Environmental Health Perspectives publishes findings on air pollution and high blood pressure in children

May 1, 2021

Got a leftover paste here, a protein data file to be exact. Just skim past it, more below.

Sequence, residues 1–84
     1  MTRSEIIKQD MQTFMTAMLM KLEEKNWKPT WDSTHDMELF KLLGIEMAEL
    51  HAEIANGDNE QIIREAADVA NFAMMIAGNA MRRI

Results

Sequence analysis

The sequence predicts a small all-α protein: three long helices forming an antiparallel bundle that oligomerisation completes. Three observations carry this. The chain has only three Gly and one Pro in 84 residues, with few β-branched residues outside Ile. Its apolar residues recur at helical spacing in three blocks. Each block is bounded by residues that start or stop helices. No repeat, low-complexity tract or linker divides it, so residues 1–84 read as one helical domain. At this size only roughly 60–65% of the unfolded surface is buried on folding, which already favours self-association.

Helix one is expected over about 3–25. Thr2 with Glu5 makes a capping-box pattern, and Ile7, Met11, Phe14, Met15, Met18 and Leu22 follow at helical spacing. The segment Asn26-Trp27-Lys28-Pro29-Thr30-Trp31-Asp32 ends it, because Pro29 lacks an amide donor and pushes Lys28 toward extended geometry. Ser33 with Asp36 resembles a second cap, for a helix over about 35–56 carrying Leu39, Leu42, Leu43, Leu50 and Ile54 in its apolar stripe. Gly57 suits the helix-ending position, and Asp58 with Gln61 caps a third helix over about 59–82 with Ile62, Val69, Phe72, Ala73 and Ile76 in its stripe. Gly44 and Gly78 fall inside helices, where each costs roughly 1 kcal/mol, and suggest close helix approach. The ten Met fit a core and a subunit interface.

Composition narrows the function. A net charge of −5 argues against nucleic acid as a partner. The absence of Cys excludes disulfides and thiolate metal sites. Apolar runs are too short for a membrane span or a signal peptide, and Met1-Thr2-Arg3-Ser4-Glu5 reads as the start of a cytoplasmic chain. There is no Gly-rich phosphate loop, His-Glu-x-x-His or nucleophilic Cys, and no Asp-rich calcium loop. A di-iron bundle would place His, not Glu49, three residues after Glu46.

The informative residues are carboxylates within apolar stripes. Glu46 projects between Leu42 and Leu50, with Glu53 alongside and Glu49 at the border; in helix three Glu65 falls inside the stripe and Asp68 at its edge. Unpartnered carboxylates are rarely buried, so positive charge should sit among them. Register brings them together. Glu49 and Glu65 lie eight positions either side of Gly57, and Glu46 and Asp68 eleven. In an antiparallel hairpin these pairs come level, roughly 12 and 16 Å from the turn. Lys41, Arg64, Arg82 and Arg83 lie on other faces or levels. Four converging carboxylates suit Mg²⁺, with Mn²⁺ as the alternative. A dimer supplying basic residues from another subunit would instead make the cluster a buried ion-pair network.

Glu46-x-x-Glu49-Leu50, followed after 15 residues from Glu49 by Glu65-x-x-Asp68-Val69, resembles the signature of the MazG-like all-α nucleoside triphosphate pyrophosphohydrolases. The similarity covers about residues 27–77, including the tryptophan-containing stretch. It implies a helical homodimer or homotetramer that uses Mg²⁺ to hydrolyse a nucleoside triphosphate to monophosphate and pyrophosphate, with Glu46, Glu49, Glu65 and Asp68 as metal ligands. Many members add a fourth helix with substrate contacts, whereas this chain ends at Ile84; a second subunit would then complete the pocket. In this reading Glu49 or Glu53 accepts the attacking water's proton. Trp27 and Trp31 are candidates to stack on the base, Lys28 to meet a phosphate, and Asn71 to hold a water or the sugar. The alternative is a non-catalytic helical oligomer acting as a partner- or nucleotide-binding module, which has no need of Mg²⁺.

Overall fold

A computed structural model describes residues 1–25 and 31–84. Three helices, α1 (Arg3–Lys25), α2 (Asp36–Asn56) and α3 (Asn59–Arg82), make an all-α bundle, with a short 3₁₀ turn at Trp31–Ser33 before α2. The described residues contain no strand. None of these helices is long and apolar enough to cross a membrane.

Environmental Health Perspectives published findings from an ECHO PATHWAYS investigators’ study that found that children exposed to air pollution before birth—even at levels considered acceptable under regulatory standards—are more likely to have increased blood pressure in early childhood and potentially greater risk of developing cardiovascular diseases as adults. Data from the ECHO PATHWAYS cohort CANDLE study were used; 822 mother-child pairs were part of the CANDLE study from pregnancy through ages 4 to 6. The investigators measured the associations of air pollution exposures (PM2.5 and NO2) in both pre- and postnatal windows with child blood pressure. The findings also suggest that adequate levels of maternal folate, or folic acid, during pregnancy may protect children from the harmful cardiovascular effects of air pollution. ECHO PATHWAYS investigator Dr. Yu Ni was first author and mPI Dr. Catherine Karr was last author.